Climate change makes India's monsoons erratic. Can farmers still find a way to prosper?

BENGALURU, India (AP) — Each year from June to September, a heavy band of rain makes its way from India's...

Nigel Farage, leader of Reform UK, criticized for saying West provoked Putin to invade Ukraine

LONDON (AP) — Nigel Farage, leader of the right-wing Reform U.K party, is facing wide-ranging criticism across...

US aircraft carrier arrives in South Korea as a show of force against nuclear-armed North Korea

SEOUL, South Korea (AP) — A nuclear-powered U.S. aircraft carrier arrived Saturday in South Korea for a...

Ivory Coast sets up mobile enrollment for a health coverage program criticized over glitches

ABIDJAN, Ivory Coast (AP) — Health authorities in Ivory Coast launched mobile enrollment centers for the...

How does heat kill? It confuses your brain. It shuts down your organs. It overworks your heart.

As temperatures and humidity soar outside, what's happening inside the human body can become a life-or-death...

Italian coast guard recovers 14 more bodies of shipwreck victims off Calabria, dozens still missing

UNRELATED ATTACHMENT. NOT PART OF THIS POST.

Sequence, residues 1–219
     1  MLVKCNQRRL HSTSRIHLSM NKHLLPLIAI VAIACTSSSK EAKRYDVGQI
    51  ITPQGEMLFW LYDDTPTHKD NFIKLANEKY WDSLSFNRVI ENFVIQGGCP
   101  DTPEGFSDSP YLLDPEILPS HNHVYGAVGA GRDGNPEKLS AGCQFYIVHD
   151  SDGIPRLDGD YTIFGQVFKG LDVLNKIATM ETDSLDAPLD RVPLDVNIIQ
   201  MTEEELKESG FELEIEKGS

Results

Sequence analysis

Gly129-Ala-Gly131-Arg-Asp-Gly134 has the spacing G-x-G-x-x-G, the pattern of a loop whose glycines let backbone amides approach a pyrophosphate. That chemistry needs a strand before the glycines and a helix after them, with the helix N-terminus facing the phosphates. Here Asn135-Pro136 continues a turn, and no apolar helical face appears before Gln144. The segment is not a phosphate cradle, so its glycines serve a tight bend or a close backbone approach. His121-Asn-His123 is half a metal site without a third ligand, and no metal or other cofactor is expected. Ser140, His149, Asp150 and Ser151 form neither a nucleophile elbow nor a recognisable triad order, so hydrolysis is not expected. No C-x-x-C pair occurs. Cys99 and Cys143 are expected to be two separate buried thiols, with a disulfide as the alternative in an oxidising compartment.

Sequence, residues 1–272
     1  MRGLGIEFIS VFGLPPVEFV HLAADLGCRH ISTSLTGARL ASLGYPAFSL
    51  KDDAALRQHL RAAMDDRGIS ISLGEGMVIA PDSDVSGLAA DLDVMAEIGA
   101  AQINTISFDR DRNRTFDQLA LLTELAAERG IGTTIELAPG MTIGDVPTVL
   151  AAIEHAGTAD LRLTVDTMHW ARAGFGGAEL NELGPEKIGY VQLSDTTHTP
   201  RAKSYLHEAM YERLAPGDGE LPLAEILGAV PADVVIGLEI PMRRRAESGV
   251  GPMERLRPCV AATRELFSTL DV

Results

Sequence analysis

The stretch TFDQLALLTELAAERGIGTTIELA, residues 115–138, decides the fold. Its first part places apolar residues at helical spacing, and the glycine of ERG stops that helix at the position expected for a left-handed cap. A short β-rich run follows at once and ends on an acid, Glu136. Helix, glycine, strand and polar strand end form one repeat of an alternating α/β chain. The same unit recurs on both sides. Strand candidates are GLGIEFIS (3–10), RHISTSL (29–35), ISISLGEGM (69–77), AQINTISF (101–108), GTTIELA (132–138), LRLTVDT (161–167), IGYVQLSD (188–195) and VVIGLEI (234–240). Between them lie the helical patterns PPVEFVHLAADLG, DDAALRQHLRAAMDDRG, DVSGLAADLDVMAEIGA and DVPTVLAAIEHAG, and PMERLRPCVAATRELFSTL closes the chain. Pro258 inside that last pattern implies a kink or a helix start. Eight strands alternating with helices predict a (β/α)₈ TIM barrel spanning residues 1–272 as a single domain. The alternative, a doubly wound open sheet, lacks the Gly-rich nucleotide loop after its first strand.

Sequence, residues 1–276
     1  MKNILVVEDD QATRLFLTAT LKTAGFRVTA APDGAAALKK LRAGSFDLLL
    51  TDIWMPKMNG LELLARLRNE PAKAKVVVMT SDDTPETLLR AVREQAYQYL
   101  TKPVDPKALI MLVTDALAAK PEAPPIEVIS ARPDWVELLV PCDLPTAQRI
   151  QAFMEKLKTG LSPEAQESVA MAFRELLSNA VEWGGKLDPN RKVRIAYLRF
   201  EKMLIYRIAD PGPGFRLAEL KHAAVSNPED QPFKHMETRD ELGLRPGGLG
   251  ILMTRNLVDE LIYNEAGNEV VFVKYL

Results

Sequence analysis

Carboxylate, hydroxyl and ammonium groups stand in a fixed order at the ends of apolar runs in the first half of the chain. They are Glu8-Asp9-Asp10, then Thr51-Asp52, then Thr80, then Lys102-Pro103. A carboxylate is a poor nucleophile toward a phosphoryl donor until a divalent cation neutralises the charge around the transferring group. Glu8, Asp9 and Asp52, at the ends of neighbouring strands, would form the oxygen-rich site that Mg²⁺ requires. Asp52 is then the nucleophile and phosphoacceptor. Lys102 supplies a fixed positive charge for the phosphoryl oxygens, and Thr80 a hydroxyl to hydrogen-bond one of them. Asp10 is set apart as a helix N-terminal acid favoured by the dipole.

ROME (AP) — The Italian coast guard has recovered 14 more bodies from last week's shipwreck in the Ionian Sea...

Alan Fram and Laurie Kellman the Associated Press

WASHINGTON (AP) -- Treasury Secretary Tim Geithner predicted Thursday that the White House and Congress will avert a debt crisis, as a leading credit rating agency warned that a partisan impasse could cost the U.S. its sterling creditworthy status.

"I'm confident two things are going to happen this summer," Geithner told reporters after meeting with House freshmen from both parties. "One is we're going to avoid a default crisis, and we're going to reach agreement on our long term fiscal plan."

His optimism was a mystery to many of the 87 Republican freshmen who rode a populist wave to Congress last fall on a promise of smaller, more austere government. Some theorized that Geithner could not afford to say anything else.

"That's what he went in there wanting to come out with," said Rep. Jeff Landry, R-La., who attended the session. "They dream it, so they believe it."